GDPR can be more than just a compliance issue for local government – Georgina Maratheftis, Programme Manager, Local Government
The EU General Data Protection Regulation (GDPR) comes into effect in the UK and across Europe on 25 May 2018. The GDPR, which represents the most significant reform of data protection laws for twenty years, will have implications for organisations across all sectors that collect and process personal data. The implications for local government are widespread. However, GDPR should not just be seen as a compliance exercise but the opportunity for councils to transform services by putting data at the heart of working and service design. Putting in place robust information and data governance is an important condition in creating an environment for successful transformation.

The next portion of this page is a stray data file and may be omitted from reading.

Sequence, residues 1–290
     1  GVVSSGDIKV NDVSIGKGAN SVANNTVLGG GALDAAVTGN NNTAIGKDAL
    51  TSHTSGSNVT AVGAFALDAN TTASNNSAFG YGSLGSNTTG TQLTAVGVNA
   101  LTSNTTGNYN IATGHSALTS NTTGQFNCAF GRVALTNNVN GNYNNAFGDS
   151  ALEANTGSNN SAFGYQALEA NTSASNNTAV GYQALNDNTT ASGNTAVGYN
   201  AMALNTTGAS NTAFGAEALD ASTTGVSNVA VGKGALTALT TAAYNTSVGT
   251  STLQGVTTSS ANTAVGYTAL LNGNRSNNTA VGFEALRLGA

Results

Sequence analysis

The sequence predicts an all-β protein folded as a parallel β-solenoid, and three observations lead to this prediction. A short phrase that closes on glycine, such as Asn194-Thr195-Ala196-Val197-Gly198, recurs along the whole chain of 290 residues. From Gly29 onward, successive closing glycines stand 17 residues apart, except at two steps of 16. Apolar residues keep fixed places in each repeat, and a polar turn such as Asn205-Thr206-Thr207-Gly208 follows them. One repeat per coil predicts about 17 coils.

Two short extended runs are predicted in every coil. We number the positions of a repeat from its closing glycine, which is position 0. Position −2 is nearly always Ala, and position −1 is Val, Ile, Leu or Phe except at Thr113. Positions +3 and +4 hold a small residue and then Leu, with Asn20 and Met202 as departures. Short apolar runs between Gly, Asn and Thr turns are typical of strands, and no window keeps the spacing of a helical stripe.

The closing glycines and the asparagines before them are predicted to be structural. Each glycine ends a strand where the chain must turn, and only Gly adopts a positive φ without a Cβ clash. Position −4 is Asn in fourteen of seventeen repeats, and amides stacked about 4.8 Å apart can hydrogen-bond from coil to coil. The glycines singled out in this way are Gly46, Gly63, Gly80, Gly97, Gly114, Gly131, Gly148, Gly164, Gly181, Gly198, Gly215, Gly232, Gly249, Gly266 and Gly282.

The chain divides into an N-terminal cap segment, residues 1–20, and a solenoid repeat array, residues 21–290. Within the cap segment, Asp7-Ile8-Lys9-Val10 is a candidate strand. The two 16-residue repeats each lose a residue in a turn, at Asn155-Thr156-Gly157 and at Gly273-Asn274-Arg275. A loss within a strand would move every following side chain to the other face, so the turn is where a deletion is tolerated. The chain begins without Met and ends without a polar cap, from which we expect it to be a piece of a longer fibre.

Building a culture of data trust
To help raise awareness of GDPR amongst our members who are active in local government and to councils themselves we held a briefing session with industry experts and councils leaders on the implications of the new regulation for the local government market last October. Overall the recurring theme was that GDPR can help build a culture of data trust within the organisation as well as with citizens.